Others said that even back then, a decade and a half before Stonewall, Baldwin did not have to present such "doom-laden" bisexual/gay main characters as David (the narrator) and Giovanni. It was noted that Patricia Highsmith, albeit using her pseudonym of "Claire Morgan," had already written an equally psychologically probing yet affirmative novel about a lesbian relationship, The Price of Salt (which we discussed in March 1998). Still other members argued that Baldwin's portrait of David offered great insight into the painful compromises which GLB people had to make to survive in that era, even when they were several thousand miles removed from the US.

We spent much of our discussion scrutinizing David, the novel's first-person narrator. We explored such questions as, Was he a figure of self-loathing, who wilfully refused to accept his gay identity and hence could never form a committed relationship with another man? Or was he simply a confused young man searching for a fulfilling life in a hostile, not to mention confusing, world? Another major point of contention was what, if anything, David learned from his tragic relationship with Giovanni.

And we talked about what it meant for Baldwin, a proud African-American and a major figure in the Civil Rights movement, to write a work (this was only his second novel) devoid of black characters. Did he do that to focus on issues of sexual orientation; or - as a few people speculated - did Baldwin himself fantasize about being a "super desirable, blond-haired pretty boy" (as one member put it) like his protagonist?

We also looked at the perhaps continuing relevance of David - with his lack of genuine self-acceptance - for GLBT people today.

On a structural level, some of our members argued that the relative "flatness" of all the characters except David - including the two people vying for his love, Giovanni and Hella - was because of his intrinsic psychological limitations, namely, that he cannot sufficiently connect with anyone else (or even himself). A few people believed that the limitation was more Baldwin's than his character's. One person pointed out that the language David uses sometimes sounds, and feels, more like that of "a didactic Baptist minister" (such as Baldwin's own father, perhaps) than a privileged young white man.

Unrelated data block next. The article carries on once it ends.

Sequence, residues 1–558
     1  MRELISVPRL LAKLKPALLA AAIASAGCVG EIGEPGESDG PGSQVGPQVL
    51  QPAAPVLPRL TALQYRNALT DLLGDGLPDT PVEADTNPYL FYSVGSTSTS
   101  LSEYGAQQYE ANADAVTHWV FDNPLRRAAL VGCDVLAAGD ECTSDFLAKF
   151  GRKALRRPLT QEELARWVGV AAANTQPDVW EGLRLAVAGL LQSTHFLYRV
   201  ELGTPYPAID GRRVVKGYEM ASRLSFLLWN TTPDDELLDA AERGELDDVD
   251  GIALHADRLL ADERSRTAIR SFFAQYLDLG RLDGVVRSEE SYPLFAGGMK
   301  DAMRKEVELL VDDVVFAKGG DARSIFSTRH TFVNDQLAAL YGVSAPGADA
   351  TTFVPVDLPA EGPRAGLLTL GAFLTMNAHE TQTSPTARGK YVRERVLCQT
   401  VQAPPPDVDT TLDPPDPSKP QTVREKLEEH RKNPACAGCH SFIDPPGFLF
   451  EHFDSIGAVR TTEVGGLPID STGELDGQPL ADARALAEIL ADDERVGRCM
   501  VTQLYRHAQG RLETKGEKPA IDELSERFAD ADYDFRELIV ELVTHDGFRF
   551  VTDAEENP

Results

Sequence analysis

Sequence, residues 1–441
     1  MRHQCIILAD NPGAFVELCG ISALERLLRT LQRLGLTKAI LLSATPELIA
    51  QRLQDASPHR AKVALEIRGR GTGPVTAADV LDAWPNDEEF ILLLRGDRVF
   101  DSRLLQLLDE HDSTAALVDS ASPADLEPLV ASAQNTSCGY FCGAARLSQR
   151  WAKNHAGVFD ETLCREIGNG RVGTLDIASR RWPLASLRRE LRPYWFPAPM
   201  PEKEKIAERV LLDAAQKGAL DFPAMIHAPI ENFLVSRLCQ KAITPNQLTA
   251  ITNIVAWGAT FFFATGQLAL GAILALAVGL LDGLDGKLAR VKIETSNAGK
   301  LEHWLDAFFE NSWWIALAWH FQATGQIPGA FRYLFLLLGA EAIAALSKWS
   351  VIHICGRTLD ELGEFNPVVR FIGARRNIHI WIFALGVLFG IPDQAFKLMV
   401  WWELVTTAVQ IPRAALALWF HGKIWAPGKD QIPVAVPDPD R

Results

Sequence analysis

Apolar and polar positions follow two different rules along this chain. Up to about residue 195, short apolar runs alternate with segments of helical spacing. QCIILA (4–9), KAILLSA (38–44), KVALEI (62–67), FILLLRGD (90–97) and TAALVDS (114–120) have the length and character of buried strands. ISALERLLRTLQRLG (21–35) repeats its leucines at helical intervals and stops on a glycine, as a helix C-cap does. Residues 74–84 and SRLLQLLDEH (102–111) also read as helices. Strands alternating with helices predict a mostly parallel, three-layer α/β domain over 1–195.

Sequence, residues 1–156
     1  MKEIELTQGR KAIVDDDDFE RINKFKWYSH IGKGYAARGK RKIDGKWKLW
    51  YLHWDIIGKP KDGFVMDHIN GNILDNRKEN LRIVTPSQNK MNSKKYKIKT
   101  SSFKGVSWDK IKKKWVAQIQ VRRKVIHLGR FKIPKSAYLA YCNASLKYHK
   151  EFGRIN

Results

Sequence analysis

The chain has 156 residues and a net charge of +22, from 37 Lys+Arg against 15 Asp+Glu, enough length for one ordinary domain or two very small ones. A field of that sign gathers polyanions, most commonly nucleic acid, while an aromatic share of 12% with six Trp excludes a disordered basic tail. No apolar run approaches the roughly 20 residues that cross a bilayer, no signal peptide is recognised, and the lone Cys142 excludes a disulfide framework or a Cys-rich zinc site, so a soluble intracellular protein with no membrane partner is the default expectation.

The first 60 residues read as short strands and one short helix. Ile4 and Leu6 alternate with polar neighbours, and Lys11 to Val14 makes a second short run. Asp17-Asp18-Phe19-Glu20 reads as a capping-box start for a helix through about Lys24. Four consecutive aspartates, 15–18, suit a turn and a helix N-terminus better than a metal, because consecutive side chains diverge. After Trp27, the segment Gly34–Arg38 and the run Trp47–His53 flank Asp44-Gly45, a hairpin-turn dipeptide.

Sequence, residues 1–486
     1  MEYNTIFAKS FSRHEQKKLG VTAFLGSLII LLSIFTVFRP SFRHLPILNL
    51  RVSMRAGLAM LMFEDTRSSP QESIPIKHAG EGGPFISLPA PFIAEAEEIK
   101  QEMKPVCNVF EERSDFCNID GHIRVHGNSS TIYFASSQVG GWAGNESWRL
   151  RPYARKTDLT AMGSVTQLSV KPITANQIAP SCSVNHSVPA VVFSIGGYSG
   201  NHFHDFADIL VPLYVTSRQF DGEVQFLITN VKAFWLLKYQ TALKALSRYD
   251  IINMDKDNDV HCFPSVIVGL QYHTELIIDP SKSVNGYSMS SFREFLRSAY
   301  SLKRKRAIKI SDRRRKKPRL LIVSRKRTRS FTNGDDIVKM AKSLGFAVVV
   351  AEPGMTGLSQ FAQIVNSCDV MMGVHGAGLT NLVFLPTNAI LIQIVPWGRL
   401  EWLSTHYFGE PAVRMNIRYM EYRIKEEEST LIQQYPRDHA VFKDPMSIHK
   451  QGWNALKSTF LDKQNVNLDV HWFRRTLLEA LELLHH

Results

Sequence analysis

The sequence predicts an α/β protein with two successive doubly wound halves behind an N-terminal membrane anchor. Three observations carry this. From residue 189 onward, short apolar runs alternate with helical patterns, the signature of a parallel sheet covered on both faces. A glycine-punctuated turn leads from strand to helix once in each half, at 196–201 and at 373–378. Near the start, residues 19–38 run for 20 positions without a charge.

We ended our discussion by examining Baldwin's style, which most people praised for its lyrical quality, as well as for its flexibility in limning David's range of (sometimes tortured) emotions. Many people also praised the novel's subtle but powerful symbolism, both major (Giovanni's room, which is simultaneously "womb-like" and sepulchral) and brief, such as the final image of the letter, announcing Giovanni's imminent execution. The novel ends, evocatively, with David slowly tearing "it into many pieces, watching them dance in the wind, watching the wind carry them away. Yet, as I turn and begin walking toward the waiting people, the wind blows some of them back on me."

Several members commented on reading the novel very differently at various points in their lives, sometimes focusing on its emotionally negative aspects, other times savoring Baldwin's mastery of language and form. It is a novel which few people will ever forget.


The Group
The Group – Mary McCarthy
1963 novel

LINKS – followed by a summary of our discussion

DISCUSSION SUMMARY – November 14, 2002

First, a friendly welcome to all newcomers, who were among the 29 of us at our collegial November 14th discussion of Mary McCarthy's 1963 novel, The Group. It follows the post-graduation lives of a group of eight women from Vassar's class of 1933, as it satirizes high society, socialism, intellectuals, and sexual double standards.

The novel was highly praised by most of our members, although a few people had some serious reservations. We began by discussing how Mary McCarthy (1912-1989) succeeded in capturing a very specific time and place: 1930s upper-class life on the East Coast, primarily Manhattan and Boston. Although "a long-since vanished era," several members, of a wide range of ages, said that they recognized many of McCarthy's characters among people they know today (including themselves).